take this example from kitces . this hypothetical poor sole took an extra 1,000 bucks from his ira and was actually taxed on that extra 1k at over a 46% marginal tax rate .

these are the foul ups he is pointing out you can get trapped in. imagine taking out 1,000 bucks and paying 462.50 tax on it while all the rest of your money is in a far lower bracket ? you would have been better not taking it or maybe better off taking a lot more at this point out .


Harry is an individual with $36,000 of income but a hefty $22,000/year of Social Security benefits. His Social Security provisional income is $36,000 + $11,000 = $47,000, which is $13,000 over the upper threshold for individuals. As a result, $15,550 of his Social Security benefits are subject to taxation (which is 50% of the amount from $25,000 to $34,000, plus 85% of the excess of provisional income above the $34,000 threshold), which puts his AGI at $51,550. Even after a standard deduction and one personal exemption, Harry's taxable income would be $51,550 - $6,100 - $3,900 = $41,550, which places him in the 25% tax bracket.

If Harry now takes an additional $1,000 from his IRA, his provisional income increases to $48,000, his taxable Social Security benefits increase to $16,400, and his AGI rises to $53,400. The net result: Harry's AGI increased by $1,850 for "just" a $1,000 IRA withdrawal, and with a 25% tax bracket his liability will be $1,850 x 25% = $462.50, which equates to a whopping $462.50 / $1,000 = 46.25% marginal tax rate!

Last edited by mathjak107; 03-17-2015 at 11:16 AM..
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Old 03-17-2015, 11:59 AM
 
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Agree with Mathjak ^^^^^^ I sure did not understand this when we saved, saved to the IRA for so many years. We are over 70 1/2 yrs of age. No choices at this point.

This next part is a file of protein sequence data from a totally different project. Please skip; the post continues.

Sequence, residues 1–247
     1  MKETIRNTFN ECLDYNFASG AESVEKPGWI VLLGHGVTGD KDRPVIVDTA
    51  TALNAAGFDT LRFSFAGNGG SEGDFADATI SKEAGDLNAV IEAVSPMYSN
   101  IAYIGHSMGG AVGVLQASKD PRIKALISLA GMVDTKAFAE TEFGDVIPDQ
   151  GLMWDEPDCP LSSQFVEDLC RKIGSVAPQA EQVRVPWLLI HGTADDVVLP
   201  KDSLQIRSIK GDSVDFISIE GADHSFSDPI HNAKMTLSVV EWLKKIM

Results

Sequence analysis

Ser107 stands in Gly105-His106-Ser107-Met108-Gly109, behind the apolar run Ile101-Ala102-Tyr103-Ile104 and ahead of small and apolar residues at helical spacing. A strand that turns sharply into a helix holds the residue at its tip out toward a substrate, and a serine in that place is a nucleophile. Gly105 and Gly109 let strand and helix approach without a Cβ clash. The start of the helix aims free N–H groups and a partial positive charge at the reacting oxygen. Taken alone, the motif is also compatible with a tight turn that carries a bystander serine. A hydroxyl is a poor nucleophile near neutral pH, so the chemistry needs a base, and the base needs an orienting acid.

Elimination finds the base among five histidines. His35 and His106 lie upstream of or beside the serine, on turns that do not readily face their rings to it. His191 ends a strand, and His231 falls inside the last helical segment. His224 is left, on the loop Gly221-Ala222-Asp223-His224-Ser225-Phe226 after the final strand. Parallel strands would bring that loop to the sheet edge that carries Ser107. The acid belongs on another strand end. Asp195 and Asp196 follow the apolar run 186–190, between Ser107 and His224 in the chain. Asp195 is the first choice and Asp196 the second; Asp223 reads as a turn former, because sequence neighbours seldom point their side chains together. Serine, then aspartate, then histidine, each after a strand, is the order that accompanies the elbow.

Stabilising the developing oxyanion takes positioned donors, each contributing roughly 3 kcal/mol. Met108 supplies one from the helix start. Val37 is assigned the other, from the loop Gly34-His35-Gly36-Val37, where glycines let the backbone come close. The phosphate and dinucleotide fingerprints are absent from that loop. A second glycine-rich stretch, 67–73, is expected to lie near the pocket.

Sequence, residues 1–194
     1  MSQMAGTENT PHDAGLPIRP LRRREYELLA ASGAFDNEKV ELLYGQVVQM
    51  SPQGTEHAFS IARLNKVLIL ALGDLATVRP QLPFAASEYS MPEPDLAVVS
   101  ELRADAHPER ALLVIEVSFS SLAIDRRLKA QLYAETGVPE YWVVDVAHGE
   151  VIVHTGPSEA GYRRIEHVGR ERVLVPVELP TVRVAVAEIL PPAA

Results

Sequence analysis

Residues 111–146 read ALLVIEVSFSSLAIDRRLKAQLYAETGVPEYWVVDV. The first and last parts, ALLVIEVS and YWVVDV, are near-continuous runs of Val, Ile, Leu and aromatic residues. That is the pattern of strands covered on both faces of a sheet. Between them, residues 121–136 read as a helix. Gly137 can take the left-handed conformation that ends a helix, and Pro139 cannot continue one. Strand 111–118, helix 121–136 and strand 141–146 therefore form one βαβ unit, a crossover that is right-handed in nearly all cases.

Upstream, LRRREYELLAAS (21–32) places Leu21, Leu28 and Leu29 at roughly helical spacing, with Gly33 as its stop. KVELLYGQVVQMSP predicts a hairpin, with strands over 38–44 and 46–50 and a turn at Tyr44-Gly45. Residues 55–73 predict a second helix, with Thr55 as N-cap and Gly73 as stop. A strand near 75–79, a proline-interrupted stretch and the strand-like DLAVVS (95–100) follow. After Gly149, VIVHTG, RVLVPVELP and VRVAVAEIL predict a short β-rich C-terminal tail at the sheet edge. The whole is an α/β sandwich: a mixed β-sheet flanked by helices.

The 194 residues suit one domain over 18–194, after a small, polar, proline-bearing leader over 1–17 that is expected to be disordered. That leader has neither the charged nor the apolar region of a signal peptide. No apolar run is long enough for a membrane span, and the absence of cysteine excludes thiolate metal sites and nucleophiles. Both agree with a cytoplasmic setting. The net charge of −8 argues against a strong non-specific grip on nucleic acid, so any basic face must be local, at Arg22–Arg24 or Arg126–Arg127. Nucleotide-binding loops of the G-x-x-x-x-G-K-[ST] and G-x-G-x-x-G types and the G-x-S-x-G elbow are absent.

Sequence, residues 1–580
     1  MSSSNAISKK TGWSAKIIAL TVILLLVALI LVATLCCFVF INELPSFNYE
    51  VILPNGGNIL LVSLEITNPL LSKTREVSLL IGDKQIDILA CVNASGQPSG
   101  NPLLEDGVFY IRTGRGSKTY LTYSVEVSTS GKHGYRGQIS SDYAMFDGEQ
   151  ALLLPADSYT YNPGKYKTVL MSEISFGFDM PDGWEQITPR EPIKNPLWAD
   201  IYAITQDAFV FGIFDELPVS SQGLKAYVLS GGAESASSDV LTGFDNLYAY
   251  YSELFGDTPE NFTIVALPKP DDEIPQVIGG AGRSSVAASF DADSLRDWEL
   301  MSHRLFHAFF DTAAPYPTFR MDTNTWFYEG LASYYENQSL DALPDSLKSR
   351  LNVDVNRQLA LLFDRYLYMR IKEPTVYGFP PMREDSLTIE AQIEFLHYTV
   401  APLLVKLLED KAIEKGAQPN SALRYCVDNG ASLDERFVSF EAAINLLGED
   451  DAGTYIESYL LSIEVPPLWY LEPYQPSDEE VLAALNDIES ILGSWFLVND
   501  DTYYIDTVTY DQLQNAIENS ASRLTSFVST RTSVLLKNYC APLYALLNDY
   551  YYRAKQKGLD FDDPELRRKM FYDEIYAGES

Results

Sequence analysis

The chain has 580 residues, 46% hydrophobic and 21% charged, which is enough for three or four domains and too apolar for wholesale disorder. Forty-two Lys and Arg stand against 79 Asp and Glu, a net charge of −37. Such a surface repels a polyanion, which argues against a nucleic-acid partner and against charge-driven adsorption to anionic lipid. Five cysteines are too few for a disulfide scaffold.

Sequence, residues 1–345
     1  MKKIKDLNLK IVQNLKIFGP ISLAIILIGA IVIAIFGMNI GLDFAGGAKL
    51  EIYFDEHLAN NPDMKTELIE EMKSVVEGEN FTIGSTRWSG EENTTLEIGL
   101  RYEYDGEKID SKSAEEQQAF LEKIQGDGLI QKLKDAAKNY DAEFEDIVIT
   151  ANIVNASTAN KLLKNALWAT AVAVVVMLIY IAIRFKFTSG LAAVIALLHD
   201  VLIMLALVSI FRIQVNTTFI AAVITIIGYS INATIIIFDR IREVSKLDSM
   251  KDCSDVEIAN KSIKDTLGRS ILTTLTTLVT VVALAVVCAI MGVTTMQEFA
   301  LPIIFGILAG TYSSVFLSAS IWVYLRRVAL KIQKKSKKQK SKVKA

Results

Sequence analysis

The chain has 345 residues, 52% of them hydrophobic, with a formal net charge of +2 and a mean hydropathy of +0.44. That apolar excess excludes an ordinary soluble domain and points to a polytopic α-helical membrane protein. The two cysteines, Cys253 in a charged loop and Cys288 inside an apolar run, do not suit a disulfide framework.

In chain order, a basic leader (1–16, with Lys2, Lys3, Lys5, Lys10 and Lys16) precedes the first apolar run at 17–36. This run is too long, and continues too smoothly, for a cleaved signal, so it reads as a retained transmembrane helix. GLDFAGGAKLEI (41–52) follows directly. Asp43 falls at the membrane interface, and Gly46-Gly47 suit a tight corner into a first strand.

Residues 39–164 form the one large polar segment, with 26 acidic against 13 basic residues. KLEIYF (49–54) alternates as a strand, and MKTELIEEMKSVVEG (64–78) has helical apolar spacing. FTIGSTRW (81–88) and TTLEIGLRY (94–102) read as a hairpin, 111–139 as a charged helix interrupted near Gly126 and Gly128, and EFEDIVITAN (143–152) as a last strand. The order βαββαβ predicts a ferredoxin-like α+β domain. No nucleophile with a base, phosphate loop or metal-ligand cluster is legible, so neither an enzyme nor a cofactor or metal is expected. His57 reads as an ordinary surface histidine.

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Old 03-17-2015, 12:15 PM
 
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Quote:
Originally Posted by mathjak107 View Post
You are missing what is being said. the marginal tax rate on additional income beyond a certain point when dealing with ss can be insane. PULLING AN EXTRA 1K OUT OF AN IRA CAN GET THAT EXTRA 1K CREAMED IN TAXES as an example depending how the two moving targets align.

THE POINT IS MANY TIMES YOU MAY BE BETTER OFF EITHER ACCELERATING INCOME IN A YEAR OR DELAYING IT AND COMBINING IN ANOTHER YEAR.


take this example from kitces . this hypothetical poor sole took an extra 1,000 bucks from his ira and was actually taxed on that extra 1k at over a 46% marginal tax rate .

these are the foul ups he is pointing out you can get trapped in. imagine taking out 1,000 bucks and paying 462.50 tax on it while all the rest of your money is in a far lower bracket ? you would have been better not taking it or maybe better off taking a lot more at this point out .


Harry is an individual with $36,000 of income but a hefty $22,000/year of Social Security benefits. His Social Security provisional income is $36,000 + $11,000 = $47,000, which is $13,000 over the upper threshold for individuals. As a result, $15,550 of his Social Security benefits are subject to taxation (which is 50% of the amount from $25,000 to $34,000, plus 85% of the excess of provisional income above the $34,000 threshold), which puts his AGI at $51,550. Even after a standard deduction and one personal exemption, Harry's taxable income would be $51,550 - $6,100 - $3,900 = $41,550, which places him in the 25% tax bracket.